Biogeography Essay Questions


23 Mar 2015 18 Dec 2017

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8 Biogeography Essay Questions

1.) What is the science of biogeography?

Biogeography is that study of geographical distribution of flora and fauna considering the different taxonomic levels, present and past, the habitats in which they are found together with the involved ecological relationships. Today, there are two theories in biogeography that have been developed to discuss more on the distribution of biological species in the world. The two of them are Distance-decay and Island biogeography theories. The distance-decay theory asserts that the correlation and similarity between species in any two geographical locations will continue decreasing as the distance between the two increases. The second biogeographical theory, island biogeography asserts that those pockets of life (islands) that are closely spaced will support more biological life/species. It is still this second theory that explains that these closely spaced islands are rarely threatened by extinction if compared to the tiny isolated islands of the world. The Geographic Information Systems Scientists say that the above two theories were developed in order for us to be able to fully understand the distribution of species but not the distribution or even movement of human beings.

As it was developed, the science of biogeography was meant to answer so many questions that are varied. It was developed so that it can answer some of the questions like why are there so many kinds of animals and plants in the world. It seeks to answer why some of these animals and plants are rare while others are common. Some animals and plants are widely dispersed while others are confined to a limited place. The science of biogeography seeks to explain the reason as to why this is so. There are some parts of this world that are richer in terms of species compared to others. It's only by use of the study of biogeography that we can be in a position to understand this.

There are several major types of biogeography distributions. They include; Endemic (restricted to specific locations), cosmopolitan (e.g.Caenorhabdities elegans and Drosophila melanogaster), and Disjunct (separated). The disjunct biogeographic distributions are believed to have been caused by Vicariance and dispersal. In biogeography, evidence that can be based on its history can be classified in terms of Paleontology and systematics.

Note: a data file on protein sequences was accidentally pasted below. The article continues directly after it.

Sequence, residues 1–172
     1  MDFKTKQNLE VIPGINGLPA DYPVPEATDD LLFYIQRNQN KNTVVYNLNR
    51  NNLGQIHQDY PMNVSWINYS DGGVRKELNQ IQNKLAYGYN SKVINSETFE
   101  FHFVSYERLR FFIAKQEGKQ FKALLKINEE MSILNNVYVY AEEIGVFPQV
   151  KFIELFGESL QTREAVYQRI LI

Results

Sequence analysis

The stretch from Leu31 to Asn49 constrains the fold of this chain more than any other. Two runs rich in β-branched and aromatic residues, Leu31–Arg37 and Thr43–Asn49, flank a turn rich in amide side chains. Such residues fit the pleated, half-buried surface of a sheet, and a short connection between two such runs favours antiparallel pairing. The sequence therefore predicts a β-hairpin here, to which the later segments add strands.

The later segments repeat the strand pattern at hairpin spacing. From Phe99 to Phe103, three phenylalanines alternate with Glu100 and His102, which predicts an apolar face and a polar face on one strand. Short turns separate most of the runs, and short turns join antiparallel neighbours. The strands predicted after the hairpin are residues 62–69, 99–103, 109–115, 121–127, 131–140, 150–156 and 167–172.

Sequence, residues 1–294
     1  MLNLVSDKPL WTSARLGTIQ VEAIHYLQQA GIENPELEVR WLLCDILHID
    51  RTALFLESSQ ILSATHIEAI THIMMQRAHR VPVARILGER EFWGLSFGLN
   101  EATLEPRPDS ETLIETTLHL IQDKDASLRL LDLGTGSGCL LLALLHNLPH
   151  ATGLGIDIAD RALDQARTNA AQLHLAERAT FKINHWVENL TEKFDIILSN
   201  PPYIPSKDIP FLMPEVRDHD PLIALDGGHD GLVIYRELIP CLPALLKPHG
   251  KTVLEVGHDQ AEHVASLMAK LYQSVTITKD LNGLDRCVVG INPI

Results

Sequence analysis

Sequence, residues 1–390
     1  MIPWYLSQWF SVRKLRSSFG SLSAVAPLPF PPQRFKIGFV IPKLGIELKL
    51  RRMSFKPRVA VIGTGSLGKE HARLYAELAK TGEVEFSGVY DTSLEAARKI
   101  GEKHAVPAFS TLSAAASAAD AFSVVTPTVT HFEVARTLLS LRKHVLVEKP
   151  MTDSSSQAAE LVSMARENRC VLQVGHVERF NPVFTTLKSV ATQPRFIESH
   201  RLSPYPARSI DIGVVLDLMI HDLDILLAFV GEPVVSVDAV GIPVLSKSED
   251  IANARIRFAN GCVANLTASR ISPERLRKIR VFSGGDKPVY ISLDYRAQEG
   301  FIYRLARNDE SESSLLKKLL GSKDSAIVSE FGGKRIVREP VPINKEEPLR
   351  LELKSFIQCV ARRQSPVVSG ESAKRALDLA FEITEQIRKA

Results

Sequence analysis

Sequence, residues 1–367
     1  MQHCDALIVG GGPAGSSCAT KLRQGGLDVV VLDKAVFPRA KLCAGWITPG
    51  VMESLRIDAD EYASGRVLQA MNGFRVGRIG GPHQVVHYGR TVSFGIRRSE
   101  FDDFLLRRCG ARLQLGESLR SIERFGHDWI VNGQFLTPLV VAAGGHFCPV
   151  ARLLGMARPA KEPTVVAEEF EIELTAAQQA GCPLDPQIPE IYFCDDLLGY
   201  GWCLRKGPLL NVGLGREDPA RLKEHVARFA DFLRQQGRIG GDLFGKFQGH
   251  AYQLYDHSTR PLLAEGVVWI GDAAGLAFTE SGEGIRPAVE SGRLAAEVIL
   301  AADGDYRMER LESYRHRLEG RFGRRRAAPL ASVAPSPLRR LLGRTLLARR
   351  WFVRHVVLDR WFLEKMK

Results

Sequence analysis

1.) Describe the 5 observations upon which the science of biogeography is founded. Give TWO examples for each observation.

a) Each and every species and other higher group animals are said to have a discrete and a non random distribution in time and space. A good example of this is the gorilla that is only found in two African forests.
b) In different geographical regions of the world there is an assemblage of animals that are distinct and they coexist. A good example to explain this is the fauna that is found south of the desert of Sahara together with its monkeys, antelopes, pigs and this is totally different from the Australian fauna and its duck billed platypus, wombats and kangaroos.
c) The differences and the similarities in these regions cannot be in any way be described in terms of the distance between them or even the area of origin. A good example is that the fauna of eastern Asia and Europe is to large extent similar although they are both separated by 11,500km of land. Also the fauna of New Guinea and Borneo are different though are separated by a small piece of land compared to the ones above which is across water and land.
d) All those faunas that look different from those of today once previously occurred in all other geographical regions. An example is the dinosaurs which existed in most parts of the geographic locations in Cretaceous.
e) The faunas which resemble the ones found today and their antecedents once occurred, but its sometimes at far distances from the current range. A good example is the subtropical-warm temperature fauna which is found in Eocene Wyoming. This includes fishes which are fresh-water, turtle groups and salamander which are restricted to southeastern parts of the United States.

1.) Discuss this statement: “The history of biogeography is essentially a continuing conflict between creation myth and empirical science.”

Empirical science describes that the distribution of organisms in the whole world was as a result of continuous evolution of the past existing species. Science asserts that the present fauna and flora are as a result of evolution from past organisms which were not developed as they are today. On the other side of the creation myth, people and especially the Christians believe that the current population of plants and animals are a product of what God created long time ago. Some of the things that are explained in the bible are in total conflict with what science has provided a detailed account on. A good example is the Global Flood during the time of Noah. The Bible says that God instructed Noah who by then was 600 years old to construct an ark. Noah was then supposed to take two of every unclean animal and seven of every clean animal. All food and fresh water was then supposed to be in the ark. Noah and his family were to remain in the ark for six months until the flood waters subsided. This creation story in the book of genesis continues to explain that after the flood waters subsided, Noah, his family and the animals that were released then were the ones who later repopulated the earth. This is in total conflict with the empirical scientists who argue that today there is too much of genetic diversity in the world for us to be consistent that every animal that is land based descended from the few breeding pairs and this is just some few thousands years ago. According to empirical science, some of the species we have today in the planet will evolve locally. This thus means that they are immobile geographically according to scientists. The scientists will ask today how comes the Duckbill platypus ended up only in Australia and not anywhere else in the planet.